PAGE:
9. Audition

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  • Photo Credit: Basara Pictures

Widower Shigeharu, his teenage son, and filmmaker best friend organize an audition luring women on the hunt for their big break. Instead, they’re being sized up for wifey material. Shigeharu makes his choice – and his bed. Hell hath no fury like a woman picked out of a lineup in this Japanese classic.

10. The Brood

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  • Photo Credit: New World Pictures

Supposedly, David Cronenberg used what was going on in his personal life as the inspiration for this film about a guy, his therapy-seeking wife, and the sudden spawn of a bunch of bloodthirsty child-like mutants. It’s super weird and has what may be the most disgustingly awesome “reveal” of all time. But more than that, it’ll make you think twice about having kids.

11. Eden Lake

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  • Photo Credit: Rollercoaster Films

Before Michael Fassbender was Fassy, he was just Steve protecting his Jenny (Kelly Reilly) from a group of sinister dudes in the woods. It’s your typical cat-and-mouse story, but what sets the British action horror apart from the rest are the solid performances – especially those from Reilly and a young Jack O’Connell, who you now know from Unbroken, Starred Up, and ’71.

12. The Others

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  • Photo Credit: Dimension Films

There’s something mesmerizing about Nicole Kidman’s delicate Aussie accent and the jingle jangle of that gimongous set of keys she totes around through Alejandro Amenábar’s supernatural period piece. Kidman plays a widow left to care for her two children who gallivant around their mansion mingling with ghosts and things that go bump in the night.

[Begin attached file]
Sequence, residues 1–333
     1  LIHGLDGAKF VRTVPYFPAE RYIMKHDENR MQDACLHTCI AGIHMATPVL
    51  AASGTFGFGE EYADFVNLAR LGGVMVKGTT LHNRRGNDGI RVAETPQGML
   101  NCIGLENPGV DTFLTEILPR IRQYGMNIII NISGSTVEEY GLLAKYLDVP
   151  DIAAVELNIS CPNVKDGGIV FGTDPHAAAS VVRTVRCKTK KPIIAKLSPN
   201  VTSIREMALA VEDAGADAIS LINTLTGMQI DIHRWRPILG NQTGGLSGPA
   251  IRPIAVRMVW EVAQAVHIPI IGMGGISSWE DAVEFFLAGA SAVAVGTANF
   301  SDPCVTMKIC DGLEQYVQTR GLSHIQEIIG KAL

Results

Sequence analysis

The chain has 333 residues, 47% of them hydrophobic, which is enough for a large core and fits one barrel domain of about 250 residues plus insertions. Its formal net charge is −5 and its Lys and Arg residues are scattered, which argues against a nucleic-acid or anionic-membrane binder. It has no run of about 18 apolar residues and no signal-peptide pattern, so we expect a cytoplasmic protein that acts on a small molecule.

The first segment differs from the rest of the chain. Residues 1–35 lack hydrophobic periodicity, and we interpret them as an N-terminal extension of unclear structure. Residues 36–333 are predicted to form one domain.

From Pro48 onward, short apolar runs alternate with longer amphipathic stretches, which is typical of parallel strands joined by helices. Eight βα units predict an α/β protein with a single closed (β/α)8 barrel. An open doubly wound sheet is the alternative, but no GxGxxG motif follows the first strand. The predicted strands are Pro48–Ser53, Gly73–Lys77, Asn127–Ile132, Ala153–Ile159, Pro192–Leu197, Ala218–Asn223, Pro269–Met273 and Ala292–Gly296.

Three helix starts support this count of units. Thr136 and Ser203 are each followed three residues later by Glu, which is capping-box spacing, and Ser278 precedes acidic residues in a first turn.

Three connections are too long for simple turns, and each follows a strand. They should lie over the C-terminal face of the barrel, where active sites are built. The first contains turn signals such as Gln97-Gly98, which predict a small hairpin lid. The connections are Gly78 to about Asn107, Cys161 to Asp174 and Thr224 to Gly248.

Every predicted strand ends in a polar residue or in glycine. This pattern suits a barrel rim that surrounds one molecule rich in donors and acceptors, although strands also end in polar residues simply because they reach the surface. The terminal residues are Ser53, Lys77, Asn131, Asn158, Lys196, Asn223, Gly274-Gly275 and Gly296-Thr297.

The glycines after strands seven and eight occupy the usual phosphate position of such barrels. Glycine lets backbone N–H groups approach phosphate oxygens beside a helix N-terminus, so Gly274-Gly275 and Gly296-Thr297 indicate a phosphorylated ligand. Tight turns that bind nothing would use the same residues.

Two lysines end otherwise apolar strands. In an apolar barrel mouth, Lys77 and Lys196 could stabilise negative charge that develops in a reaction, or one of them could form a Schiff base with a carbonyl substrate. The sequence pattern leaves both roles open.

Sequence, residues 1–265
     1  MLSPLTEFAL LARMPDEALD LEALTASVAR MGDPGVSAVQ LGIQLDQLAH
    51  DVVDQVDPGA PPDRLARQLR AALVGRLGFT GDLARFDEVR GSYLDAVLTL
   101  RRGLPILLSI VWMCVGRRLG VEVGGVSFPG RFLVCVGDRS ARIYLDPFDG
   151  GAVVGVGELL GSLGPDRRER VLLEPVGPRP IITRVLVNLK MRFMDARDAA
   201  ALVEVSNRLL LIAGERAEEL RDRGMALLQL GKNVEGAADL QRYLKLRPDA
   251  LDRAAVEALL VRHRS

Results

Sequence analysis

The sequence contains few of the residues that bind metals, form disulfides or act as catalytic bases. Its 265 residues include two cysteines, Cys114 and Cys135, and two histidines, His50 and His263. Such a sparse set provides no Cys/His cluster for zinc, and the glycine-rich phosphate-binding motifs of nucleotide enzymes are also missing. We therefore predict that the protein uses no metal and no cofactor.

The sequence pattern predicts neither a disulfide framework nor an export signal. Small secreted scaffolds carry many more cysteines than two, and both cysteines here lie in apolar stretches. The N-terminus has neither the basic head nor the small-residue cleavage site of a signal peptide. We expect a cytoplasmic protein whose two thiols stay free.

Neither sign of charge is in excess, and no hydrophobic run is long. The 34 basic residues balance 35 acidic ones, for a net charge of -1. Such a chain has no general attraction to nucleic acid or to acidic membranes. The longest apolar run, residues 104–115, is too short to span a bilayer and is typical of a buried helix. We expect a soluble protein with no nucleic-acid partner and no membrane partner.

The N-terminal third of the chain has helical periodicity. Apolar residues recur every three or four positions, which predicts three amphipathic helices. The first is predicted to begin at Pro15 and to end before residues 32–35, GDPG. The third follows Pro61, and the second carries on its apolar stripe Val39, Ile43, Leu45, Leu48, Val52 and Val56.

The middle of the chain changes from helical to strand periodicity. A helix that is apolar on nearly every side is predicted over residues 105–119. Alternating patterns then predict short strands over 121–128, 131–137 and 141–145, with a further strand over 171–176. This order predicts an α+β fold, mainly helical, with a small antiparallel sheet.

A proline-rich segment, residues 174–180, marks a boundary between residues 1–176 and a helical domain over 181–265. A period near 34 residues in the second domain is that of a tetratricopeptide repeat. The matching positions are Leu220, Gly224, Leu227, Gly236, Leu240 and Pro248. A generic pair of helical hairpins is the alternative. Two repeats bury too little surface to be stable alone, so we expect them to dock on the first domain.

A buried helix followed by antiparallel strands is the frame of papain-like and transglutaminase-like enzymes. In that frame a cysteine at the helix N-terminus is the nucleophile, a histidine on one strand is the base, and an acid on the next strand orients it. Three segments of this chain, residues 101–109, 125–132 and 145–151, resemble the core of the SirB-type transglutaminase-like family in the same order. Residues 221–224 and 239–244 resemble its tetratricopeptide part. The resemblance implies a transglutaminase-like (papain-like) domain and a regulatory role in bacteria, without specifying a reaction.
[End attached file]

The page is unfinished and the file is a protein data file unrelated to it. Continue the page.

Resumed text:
13. Frozen

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  • Photo Credit: Anchor Bay Films

Blink and you may have missed Adam Green’s dialogue-driven survival tale back in 2010. It came and went like a whisper but is most definitely one of indie horror’s unearthed gems. Three friends get stranded, on a ski lift, near the top of a mountain, over night. As if that’s not scary enough, a storm rolls in, wolves set up camp below, and frostbite, well, starts biting.

14. Lovely Molly

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  • Photo Credit: Haxan Films & Amber Entertainment

Lovely, she is – when she’s not palling around the devil. Newlyweds Molly a Tim move into Molly’s childhood home, housing – you guessed it – secretssss. The more Molly digs, the closer to hell she gets. Again, Sanchez turns to his signature first-person POV horror but this time with a fresh ghost narrative, growling soundscape, and one excellent scream queen in newbie Gretchen Lodge.

15. The Blair Witch Project

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  • Photo Credit: Artisan Entertainment

Whether he was the inventor or not, Eduardo Sanchez is king of found-footage horror. The Blair Witch Project is his queen. What began as a sort of missing-persons’ hoax transformed into a box office juggernaut. Now dubbed a mock documentary, Witch follows three myth busters into the woods. And no one leaves alive.

16. The Skeleton Key

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  • Photo Credit: Universal Pictures

The story belongs to horror writer Ehren Kruger, who also wrote the screenplay for The Ring. For whatever reason his New Orleans-set voodoo story was dismissed by critics, but it casts a spell as intoxicating as its leading lady, Kate Hudson. Though it stars several more familiar faces (including John Hurt), the film with its veritable setting, download-worthy soundtrack, and twisty storyline is one of the most underrated scary movies.

17. The Ring

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  • Photo Credit: DreamWorks SKG